Late last night on Twitter it was confirmed by luchablog that Lucha Libre Factory Made Ventures (LLFMV or LL FMV, the production company primarily known for being behind Lucha Underground) had filed a lawsuit against Lucha Libre AAA Worldwide in the state of California. Today Lucha Central was able to obtain a copy of this lawsuit to learn more details and it is a doozy. The lawsuit accuses AAA (referred to as Promociones Antonio Pena, S.A. de C.V., or PAP in the lawsuit) of breach of written contract, breach of implied covenant of good faith & fair dealing, copyright infringement, trademark infringement and unfair competition. LLFMV, represented by Joel M. Tantalo and Michael S. Adler of Tantalo & Adler LLP is also demanding a jury trial.
The crux of the lawsuit hinges on LLFMV accusing AAA of violating a joint agreement between the two sides, which began in February of 2013 and was expanded both in 2014 and again in 2015, giving LLFMV, according to the suit, the exclusive rights to distribute AAA events outside of Mexico, the exclusive right to sell AAA merchandise outside of Mexico and the exclusive right to otherwise exploit and monetize AAA outside of Mexico. The deal was primarily done due to LLFMV and AAA’s joint involvement in Lucha Underground, which LLFMV produced and developed; along with investors Alex Garcia and Antonio Cue, LLFMV provided (or as they say secured) $47.5 million in funding the production and marketing of Lucha Underground. Per the terms of the IP Assignment AAA and LLFMV reached in 2015, LLFMV claims they have paid at least $700K to date.
LLFMV alleges that AAA then violated this agreement by entering into deals with Marvel (who AAA recently partnered up with this past fall), Twitch, YouTube, Facebook Watch, Turner International (owner of Space, the network that broadcasts AAA throughout Latin America) and Pluto TV, due to several of the stations making AAA available worldwide and Marvel selling merchandise of characters that will appear on Triplemania XXVIII this Saturday and going forward. According to the suit, LLFMV appeared to learn of AAA’s deals while doing due diligence for a potential sale of LLFMV (date unknown); upon approaching AAA’s managing operator Dorian Roldan, Roldan didn’t deny the deals and argued that despite the deals’ international scope, only a small percentage of their value was allocable to non-Mexican territories. The suit also reveals that AAA was paid a guaranteed minimum of $650K from Twitch (who AAA recently cut ties with), a guaranteed $500K minimum from Facebook Watch, a license agreement with Turner International for $300K and another license agreement with Pluto TV for a $250K minimum guarantee against a revenue share. The suit describes the Twitch and Facebook Live deals as “putative worldwide agreements”; in total LLFMV claims that AAA made more than $2.5 million off the deals by June 30, 2019, and believes more has been made since with the inclusion of AAA’s recent deal with YouTube, which LLFMV doesn’t have the figures for. Despite this LLFMV took no legal action that the time (the suit claims the parties tried to work around their differences in respect to their deals); it was only after AAA’s deal with Marvel was revealed this past fall did things take a step forward.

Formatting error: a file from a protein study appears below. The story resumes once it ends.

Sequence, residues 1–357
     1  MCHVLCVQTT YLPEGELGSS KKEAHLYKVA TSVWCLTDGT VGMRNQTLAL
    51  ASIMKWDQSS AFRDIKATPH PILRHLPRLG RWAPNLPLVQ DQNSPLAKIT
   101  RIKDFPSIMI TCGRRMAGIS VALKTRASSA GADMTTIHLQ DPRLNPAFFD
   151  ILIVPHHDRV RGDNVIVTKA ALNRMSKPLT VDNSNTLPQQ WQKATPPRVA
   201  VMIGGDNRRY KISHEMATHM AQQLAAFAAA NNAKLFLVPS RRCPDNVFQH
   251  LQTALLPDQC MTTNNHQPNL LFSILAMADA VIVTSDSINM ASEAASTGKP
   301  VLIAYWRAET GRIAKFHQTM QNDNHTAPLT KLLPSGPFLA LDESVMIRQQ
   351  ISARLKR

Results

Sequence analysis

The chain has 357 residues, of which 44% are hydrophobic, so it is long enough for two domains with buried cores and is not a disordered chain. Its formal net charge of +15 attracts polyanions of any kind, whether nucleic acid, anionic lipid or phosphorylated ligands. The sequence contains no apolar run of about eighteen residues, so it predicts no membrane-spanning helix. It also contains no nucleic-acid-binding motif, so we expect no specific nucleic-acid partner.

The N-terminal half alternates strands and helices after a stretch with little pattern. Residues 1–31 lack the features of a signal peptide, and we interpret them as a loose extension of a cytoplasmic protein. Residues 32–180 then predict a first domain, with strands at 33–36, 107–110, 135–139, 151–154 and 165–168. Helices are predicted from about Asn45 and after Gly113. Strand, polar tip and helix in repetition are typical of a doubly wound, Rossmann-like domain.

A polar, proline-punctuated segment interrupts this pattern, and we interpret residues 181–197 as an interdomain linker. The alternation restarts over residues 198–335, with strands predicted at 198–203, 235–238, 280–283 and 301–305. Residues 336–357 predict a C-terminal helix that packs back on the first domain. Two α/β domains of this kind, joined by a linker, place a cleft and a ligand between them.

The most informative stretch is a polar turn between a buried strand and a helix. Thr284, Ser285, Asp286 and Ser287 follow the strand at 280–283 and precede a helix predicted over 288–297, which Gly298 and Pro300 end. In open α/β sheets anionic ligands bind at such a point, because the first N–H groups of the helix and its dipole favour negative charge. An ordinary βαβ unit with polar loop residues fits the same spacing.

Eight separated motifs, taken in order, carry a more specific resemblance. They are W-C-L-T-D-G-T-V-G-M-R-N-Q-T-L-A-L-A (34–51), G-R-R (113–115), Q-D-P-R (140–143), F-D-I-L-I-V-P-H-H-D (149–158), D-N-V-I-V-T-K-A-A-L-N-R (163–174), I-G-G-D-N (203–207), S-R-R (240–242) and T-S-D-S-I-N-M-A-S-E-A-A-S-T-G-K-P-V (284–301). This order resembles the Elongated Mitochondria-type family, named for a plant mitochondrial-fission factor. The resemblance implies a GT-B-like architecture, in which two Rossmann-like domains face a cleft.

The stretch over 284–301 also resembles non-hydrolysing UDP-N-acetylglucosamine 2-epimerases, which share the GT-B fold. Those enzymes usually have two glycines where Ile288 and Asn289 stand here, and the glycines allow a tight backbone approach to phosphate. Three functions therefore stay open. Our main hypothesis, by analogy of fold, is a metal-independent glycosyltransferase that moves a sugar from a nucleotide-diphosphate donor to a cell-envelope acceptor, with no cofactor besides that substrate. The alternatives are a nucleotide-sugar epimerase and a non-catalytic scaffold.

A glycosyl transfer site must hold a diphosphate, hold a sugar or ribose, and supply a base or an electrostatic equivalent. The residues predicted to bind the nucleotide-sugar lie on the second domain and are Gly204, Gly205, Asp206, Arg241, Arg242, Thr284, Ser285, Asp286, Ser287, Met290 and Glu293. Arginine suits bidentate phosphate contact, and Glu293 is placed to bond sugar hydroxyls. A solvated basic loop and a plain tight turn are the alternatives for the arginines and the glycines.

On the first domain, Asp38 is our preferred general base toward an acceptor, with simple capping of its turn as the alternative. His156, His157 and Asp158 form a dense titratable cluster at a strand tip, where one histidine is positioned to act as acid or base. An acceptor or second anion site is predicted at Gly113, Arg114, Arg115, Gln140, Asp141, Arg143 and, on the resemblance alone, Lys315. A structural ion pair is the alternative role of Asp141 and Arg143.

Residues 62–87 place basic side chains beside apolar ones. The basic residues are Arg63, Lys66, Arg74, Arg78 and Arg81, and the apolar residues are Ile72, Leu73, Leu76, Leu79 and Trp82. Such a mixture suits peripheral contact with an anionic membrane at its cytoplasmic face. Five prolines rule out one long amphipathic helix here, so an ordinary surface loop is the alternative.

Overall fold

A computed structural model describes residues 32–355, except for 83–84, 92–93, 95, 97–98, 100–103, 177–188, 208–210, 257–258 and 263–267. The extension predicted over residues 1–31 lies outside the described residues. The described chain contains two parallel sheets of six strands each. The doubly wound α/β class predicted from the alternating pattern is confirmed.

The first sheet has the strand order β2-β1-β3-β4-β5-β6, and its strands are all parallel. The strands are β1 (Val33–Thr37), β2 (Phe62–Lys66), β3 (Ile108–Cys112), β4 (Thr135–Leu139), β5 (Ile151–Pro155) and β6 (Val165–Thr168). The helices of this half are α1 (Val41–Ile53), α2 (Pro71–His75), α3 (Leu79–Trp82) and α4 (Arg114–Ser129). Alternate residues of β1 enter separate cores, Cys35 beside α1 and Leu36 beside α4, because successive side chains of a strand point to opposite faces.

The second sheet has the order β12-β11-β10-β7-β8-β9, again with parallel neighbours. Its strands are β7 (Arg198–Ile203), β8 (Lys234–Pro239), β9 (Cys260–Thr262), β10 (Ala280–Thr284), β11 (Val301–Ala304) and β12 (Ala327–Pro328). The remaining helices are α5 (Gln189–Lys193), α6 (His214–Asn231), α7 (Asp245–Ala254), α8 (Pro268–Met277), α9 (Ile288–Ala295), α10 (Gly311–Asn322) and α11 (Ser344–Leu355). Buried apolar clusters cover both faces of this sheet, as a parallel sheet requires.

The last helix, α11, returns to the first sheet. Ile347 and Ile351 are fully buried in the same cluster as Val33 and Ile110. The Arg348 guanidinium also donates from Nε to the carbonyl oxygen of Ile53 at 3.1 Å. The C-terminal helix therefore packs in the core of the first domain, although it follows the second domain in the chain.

The suit further claims that Roldan would later resign as manager of LLFMV on October 28, 2020 (less than two months ago), and a week later sent an unsolicited “Promissory Note” on AAA’s behalf in the amount of $391,719 to be paid off over five years. The payment that the note was for LLFMV’s share of the deals AAA had made with Facebook Watch, Twitch, Turner International and Pluto TV through 2019; a week later AAA would wire the first payment, $31,719 to LLFMV. Believing this to be a unilateral move to set terms for a settlement between the two sides, LLFMV sees this as a glaring admission of IP Assignment (among other things) that caused LLFMV millions of dollars in financial harm and that without a solution will continue to cause severe, immediate and irreparable harm (not irreputable) for which LLFMV has no adequate remedy of law. Documentation of LLFMV’s agreements with AAA and news articles of AAA’s agreement with Marvel were provided in the back end of the suit as proof.
Those who are familiar with production companies involved with Lucha Underground will recall this is not the first legal dispute they’ve been involved with. In February of last year, as reported by Lucha Central, Baba-G Productions was sued, along with Lucha Underground’s TV Network, the El Rey Network, by El Hijo del Fantasma (King Cuerno in LU and now Santos Escobar in WWE), with Fantasma claiming El Rey and Baba-G had restricted him in engaging in his lawful profession. A class action lawsuit was soon filed as well featuring Fantasma, AEW star Ivelisse, NWA and AEW star Thunder Rosa and others (Texano Jr. had also been involved in the suit, though he eventually dropped his claim). The lawsuits were settled a month later, granting the release of all the talent in the suit.
Lucha Central has reached out to AAA and LLFMV for comment; as of this writing we have received no statement from either. We will keep you updated on any developments regarding this situation.
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